I had a busy weekend that left my wife and I quite exhausted when we went in to work on Mon. We had a wine-tasting & dinner event at our friend’s apartment on Fri night, dropped by another friend’s apartment after dinner together for a Sat movie night before having an extended family dinner on Sun night.
It was great fun but we felt like having a rest after running around over the weekend. Nothing like going in to the office on Mon and sitting/working at your desk to make you feel like you aren’t going to be moving much for the day. Not a bad way to recharge when you think about it.
Anyway, this is going to be more of a financial update since it’s mid July. I usually do the end of month financial updates in more detail with all the net worth, asset portfolio and passive income figures updated. But I sometimes do mid month financial updates with less detail when I’m in the mood just to see how we are tracking.
Other than the manual purchase of ETFs on Day 1 and Day 2 of Brexit in end June and the automatic POSB Invest-Saver purchase of the Nikko AM STI ETF in mid July, we haven’t done anything else. There has been quite a run-up in the equity markets and we see no reason to invest any more of our cash funds.
Even though I still think we are holding too much cash compared to the rest of our asset portfolio, we are happy to let the funds build in times like these. We will probably have to invest a bigger chunk of the cash than we usually do when the opportunity arises again but won’t use it unnecessarily.
Besides, things are getting dicey in the banking industry and there has been a few rounds of retrenchments at my wife’s bank. She has survived them so far but it’s a wait and see approach at the moment. No point making a move when the rest of the banks are cutting even more people.
The accounting industry gets impacted next with reduced revenue from client compliance and advisory work. We try not to cut headcount but usually implement salary and promotion freezes while reducing graduate hires.
It’s not a good time for anyone because this just means an increased workload at the same pay. In any case, we will continue to save a portion of our monthly salary as long as we have jobs. This means our retirement funds (CPF) are increasing as well from the employer and employee contributions.
As much as I would like us to be less dependant on our jobs and have more sources of income, I can’t deny that our jobs have been the main driver of the growth in our asset portfolio. Which is why I still think focusing on getting yourself into jobs that have decent pay while spending less, using the spare time to invest, developing side hustles/business for other sources of income is a good approach to financial independence.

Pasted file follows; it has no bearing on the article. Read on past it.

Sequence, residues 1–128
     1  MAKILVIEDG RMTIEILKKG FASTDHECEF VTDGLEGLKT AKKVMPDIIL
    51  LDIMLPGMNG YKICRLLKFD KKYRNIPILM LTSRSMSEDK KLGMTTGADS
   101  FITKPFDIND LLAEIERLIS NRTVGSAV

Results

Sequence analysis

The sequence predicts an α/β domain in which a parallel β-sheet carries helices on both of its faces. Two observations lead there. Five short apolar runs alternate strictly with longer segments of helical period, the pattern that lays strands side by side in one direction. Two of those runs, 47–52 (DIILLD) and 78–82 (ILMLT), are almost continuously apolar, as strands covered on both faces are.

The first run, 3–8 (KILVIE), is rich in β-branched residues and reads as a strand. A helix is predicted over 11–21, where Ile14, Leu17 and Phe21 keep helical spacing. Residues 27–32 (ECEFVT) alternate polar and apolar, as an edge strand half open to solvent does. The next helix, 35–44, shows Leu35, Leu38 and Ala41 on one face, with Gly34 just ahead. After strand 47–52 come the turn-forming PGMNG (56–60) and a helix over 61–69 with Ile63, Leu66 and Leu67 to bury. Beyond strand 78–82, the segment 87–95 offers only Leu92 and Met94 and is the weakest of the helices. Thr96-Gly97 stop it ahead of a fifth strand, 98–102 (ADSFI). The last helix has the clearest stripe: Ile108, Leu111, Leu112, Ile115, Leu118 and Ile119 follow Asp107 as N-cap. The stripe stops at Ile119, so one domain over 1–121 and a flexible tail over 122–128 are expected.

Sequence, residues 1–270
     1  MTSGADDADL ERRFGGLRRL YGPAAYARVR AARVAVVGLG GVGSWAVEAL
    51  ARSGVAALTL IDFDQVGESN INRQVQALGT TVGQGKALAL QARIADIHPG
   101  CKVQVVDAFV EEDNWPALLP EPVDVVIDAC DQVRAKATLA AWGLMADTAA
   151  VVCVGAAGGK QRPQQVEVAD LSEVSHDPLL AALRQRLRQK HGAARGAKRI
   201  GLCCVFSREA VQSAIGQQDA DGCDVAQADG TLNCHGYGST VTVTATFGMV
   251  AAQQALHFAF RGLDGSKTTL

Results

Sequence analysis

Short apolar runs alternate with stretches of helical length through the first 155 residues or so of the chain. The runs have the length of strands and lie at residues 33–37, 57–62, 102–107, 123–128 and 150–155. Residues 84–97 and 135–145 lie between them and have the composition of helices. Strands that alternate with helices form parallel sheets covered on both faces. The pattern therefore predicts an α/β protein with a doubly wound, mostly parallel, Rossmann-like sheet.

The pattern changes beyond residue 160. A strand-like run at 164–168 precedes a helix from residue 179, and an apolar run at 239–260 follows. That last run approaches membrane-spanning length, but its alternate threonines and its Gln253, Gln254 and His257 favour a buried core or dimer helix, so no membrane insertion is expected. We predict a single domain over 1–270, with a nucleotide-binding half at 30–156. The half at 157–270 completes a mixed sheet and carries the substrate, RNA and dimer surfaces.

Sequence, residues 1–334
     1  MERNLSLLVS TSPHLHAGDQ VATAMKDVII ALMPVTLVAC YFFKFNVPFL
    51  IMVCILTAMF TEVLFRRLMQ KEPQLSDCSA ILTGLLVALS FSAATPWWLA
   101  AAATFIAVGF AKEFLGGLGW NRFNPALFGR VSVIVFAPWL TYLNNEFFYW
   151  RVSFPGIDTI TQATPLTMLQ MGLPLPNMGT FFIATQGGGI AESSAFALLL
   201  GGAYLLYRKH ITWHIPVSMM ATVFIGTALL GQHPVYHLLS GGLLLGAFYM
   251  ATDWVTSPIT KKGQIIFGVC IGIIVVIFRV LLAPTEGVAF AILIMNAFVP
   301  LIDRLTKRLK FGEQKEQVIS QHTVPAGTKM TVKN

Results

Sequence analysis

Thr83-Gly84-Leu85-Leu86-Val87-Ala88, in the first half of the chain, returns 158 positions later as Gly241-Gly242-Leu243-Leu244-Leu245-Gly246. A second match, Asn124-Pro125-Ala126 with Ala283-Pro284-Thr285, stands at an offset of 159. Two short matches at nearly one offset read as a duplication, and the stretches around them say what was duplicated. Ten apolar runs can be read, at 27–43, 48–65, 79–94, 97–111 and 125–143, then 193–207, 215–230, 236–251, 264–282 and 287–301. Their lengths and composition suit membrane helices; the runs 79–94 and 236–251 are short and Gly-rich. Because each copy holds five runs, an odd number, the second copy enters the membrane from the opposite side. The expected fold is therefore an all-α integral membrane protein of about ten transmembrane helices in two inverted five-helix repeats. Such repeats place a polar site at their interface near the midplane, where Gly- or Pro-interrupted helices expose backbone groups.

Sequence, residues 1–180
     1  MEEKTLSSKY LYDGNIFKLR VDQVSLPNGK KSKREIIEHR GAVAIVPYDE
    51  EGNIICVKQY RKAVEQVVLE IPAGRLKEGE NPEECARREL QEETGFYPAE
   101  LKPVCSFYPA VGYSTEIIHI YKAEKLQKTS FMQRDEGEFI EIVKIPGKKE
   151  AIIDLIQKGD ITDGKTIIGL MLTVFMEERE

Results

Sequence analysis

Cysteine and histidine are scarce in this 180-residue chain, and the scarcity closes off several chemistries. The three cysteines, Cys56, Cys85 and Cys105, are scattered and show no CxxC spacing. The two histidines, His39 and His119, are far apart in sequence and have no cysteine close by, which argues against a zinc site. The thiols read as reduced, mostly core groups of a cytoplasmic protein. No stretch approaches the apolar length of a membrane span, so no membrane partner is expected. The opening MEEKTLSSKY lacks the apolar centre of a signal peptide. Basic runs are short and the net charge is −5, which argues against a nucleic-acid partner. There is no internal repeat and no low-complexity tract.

This is especially so in Singapore with its low personal income tax rates and current availability of such jobs in our industries (for now). Things can change really quickly and the approach might no longer work in a few years time. It’s important to take advantage of the characteristics of your local environment to build your wealth while you still can.
We have given ourselves a target for the asset portfolio to reach S$500,000 by the end of the year. Based on how it has been growing for the past 6 months, we seem on track to hit the target in the absence of any significant events other than the high level of spending we expect to incur during our trip to Italy in October.
This target is important also because we will have more flexibility in planning our future after hitting it. When we returned to Singapore in 2014, we weren’t sure how long we will be staying to work and live here. We renewed our Australia PR until 2020 and will have to be back there by then for the next renewal.
We have managed to build a life here in Singapore despite us having to adjust to working longer hours and living in close proximity to our parents. We also have a social circle that we enjoy hanging out with and this was fortunate for us despite being away from Singapore for a number of years.
When we left Australia, our finances were in decent shape but we have to admit that we have achieved much more financially over the 2.5 years of working here in Singapore compared to the 4 years of working there. If we stay in Singapore, chances are we might reach financial independence earlier than if we move back to Australia.
But we are getting restless with our jobs and way of life in Singapore. Returning to Australia seems to be taking a step backwards rather than forwards. Starting over in another country sounds exciting but scary as we get older.
The S$500,000 target was always going to be a milestone for us. Reaching it will mean we are in the financial position to decide the next phase of our lives. Should we call Singapore or Australia our home and raise a family or should we go off for another adventure to a different country?